Katappa is one of the fascinating characters ever written in Indian cinema. While we saw the 'serious' Katappa in part 1, the second instalment has the candid side of Sathyaraj, who's known for his witty one-liners. Just look out for the scene between Katappa and Baahubali where the latter says, "As long as you are by my side, a man who can kill me hasn't been born, uncle."
Why Katappa killed Baahubali was a well-written hook that left the audience madly waiting for the conclusion. However, it's the least of the major revelations. Although the million-dollar-question is fairly effective and far from flawed. For every subtle nuance you may have noticed in Baahubali: The Beginning, Rajamouli doesn't throw answers to the unanswered questions. But gives justification.
It takes guts to play a deglamorized role in a film like Baahubali. Had you thought Sivagami is the most powerful woman, you're probably wrong. For once, a heroine (Devasena) gets an apt introduction with such elegance and swag. Look out for the confrontation scene between Devasena and Sivagami, who don't necessarily need to deliver pages of dialogues. Their sparkling eyes does the needful.
Rana Daggubati as Bhallala Deva goes synonymous with unabashed power. If looked from an alternate perspective, he's also the star of Baahubali. But has to perform.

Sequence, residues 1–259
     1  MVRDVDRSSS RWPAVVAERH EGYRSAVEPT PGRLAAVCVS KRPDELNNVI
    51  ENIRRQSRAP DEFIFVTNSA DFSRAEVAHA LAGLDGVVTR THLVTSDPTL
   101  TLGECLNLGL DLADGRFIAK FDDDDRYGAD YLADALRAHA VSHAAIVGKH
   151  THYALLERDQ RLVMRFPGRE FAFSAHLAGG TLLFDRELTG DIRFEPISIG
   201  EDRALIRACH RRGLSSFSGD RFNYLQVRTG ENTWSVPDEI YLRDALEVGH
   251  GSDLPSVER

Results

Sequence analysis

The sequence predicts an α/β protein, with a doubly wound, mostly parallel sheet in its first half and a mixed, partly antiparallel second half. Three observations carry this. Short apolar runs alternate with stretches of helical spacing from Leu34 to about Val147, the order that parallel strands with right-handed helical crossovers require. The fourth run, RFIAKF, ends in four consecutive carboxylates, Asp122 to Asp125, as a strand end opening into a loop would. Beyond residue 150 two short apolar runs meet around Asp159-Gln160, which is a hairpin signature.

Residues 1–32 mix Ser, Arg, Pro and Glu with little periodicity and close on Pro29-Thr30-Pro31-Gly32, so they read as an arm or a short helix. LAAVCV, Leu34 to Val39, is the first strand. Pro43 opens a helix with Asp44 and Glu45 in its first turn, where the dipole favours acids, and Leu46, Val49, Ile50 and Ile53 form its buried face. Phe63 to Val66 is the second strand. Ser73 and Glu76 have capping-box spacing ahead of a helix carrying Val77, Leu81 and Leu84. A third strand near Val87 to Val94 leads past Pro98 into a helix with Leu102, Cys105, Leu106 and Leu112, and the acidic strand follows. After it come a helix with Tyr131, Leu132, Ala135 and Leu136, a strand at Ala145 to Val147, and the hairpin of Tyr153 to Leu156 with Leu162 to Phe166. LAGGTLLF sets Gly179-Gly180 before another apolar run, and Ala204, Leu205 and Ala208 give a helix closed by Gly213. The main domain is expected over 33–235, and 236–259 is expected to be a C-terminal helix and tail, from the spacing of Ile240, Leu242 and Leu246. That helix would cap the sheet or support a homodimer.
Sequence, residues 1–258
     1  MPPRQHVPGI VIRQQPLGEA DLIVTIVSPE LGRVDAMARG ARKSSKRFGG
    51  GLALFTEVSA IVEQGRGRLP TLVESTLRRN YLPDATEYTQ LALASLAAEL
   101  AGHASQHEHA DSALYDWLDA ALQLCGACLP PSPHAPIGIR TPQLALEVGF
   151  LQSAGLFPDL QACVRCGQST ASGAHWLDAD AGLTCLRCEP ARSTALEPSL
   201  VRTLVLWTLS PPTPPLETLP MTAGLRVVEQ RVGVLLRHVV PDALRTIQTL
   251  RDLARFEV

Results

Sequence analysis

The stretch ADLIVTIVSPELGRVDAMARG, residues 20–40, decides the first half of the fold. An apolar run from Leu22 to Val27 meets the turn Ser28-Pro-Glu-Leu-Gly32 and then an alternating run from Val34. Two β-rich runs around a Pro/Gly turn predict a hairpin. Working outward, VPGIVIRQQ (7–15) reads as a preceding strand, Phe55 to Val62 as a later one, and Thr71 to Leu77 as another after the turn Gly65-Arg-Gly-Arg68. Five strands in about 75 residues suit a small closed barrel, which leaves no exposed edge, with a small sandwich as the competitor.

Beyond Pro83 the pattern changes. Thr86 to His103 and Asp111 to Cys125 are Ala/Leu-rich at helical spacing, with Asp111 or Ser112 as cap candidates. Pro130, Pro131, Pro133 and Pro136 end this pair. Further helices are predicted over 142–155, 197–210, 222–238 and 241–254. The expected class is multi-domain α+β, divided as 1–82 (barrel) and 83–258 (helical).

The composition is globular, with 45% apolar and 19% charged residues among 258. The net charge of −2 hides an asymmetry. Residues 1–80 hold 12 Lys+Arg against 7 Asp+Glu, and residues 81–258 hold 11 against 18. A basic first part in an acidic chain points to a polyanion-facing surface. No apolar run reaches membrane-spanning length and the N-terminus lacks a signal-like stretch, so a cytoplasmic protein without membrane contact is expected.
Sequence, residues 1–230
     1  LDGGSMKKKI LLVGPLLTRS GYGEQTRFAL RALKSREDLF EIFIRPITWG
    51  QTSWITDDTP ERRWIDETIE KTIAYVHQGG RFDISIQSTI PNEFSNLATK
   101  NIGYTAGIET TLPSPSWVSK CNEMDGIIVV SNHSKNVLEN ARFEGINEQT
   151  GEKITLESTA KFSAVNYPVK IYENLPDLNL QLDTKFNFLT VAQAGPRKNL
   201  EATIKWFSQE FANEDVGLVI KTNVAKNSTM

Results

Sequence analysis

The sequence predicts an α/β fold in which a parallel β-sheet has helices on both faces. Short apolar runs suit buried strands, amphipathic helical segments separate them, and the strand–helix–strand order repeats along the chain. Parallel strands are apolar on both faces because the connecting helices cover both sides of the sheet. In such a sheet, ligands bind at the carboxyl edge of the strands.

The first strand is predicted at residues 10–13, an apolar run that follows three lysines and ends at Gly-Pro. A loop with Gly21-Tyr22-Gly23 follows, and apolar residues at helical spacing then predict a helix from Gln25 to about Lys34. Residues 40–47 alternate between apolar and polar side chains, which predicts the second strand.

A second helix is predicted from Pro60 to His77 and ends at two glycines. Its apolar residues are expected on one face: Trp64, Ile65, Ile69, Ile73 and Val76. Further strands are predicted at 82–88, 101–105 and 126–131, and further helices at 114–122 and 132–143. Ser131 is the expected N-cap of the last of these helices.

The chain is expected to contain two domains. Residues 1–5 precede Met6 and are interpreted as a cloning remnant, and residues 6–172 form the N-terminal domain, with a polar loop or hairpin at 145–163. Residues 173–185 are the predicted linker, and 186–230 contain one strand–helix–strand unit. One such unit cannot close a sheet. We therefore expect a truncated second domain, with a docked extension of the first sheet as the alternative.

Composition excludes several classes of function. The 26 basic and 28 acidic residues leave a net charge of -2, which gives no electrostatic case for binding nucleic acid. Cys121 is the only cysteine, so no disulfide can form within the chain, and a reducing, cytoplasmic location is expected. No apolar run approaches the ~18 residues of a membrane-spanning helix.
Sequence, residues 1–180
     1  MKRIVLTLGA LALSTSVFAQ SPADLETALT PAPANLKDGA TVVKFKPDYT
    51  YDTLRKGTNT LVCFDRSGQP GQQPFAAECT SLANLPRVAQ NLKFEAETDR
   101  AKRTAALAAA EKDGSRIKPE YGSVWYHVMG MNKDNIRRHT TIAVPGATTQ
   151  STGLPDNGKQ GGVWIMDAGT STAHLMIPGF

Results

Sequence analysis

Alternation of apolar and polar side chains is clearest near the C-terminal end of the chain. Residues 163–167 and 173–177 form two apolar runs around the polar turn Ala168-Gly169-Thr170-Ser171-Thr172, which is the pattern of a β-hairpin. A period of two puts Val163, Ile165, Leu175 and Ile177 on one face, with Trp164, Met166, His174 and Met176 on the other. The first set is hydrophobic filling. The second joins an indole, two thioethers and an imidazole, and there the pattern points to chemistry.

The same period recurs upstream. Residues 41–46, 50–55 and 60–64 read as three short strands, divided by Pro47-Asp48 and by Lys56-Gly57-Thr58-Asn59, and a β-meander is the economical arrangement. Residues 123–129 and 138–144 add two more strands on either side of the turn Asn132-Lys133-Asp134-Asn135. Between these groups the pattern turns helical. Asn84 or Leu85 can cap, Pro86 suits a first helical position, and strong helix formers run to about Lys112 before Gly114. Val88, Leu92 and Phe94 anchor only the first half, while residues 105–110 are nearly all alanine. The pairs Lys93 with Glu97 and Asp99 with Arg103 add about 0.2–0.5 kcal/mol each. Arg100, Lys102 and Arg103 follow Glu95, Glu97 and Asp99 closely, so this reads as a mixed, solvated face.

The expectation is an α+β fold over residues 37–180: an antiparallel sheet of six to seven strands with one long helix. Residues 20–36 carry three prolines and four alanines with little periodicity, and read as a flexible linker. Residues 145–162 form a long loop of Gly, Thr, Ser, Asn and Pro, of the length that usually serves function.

Rajamouli went on the record saying that Baahubali was possible because of Prabhas. He's right. Prabhas is the star, superstar and superhero in the film. He carries the story on his shoulders. He's terrific as Baahubali and less riveting as Mahendra. Having said that, it's unarguably Katappa who is the hero of the series. Much like Severus Snape in the Harry Potter series.
Be it the kingdom of Mahishmati or Kunthala, Sabu Cyril's unparalleled works deserve special mention. Senthil Kumar's cinematography, backed by MM Keeravani's pulsating score elevate Baahubali, which is driven by its characters.
One of the most touted scenes - the epic face-off between Bhallala Deva and Mahendra Baahubali gives the necessary 'Rajamouli' moments. Peter Hein's stunt choreography works fine, but superficial in parts. We were mesmerised by the war techniques used in the first part. However, the techniques used here are laughable, sometimes. The makers have spent a whopping amount on VFX. But it's safe to say that Baahubali was better, in terms of visuals. And for the same, Rajamouli doesn't linger on too much.
The international audience enjoyed Baahubali: The Beginning as the characters were earthy and real. On the contrary, we, the Indian audience, often undermine the works of our filmmakers who strive to achieve big. Let's admire the sheer brilliance of one of the finest storytellers in India, SS Rajamouli.
After the climax, if you're reminded of the first shot of Baahubali, where Sivagami saves Mahendra Baahubali from drowning, you know, you enjoyed the amazing journey.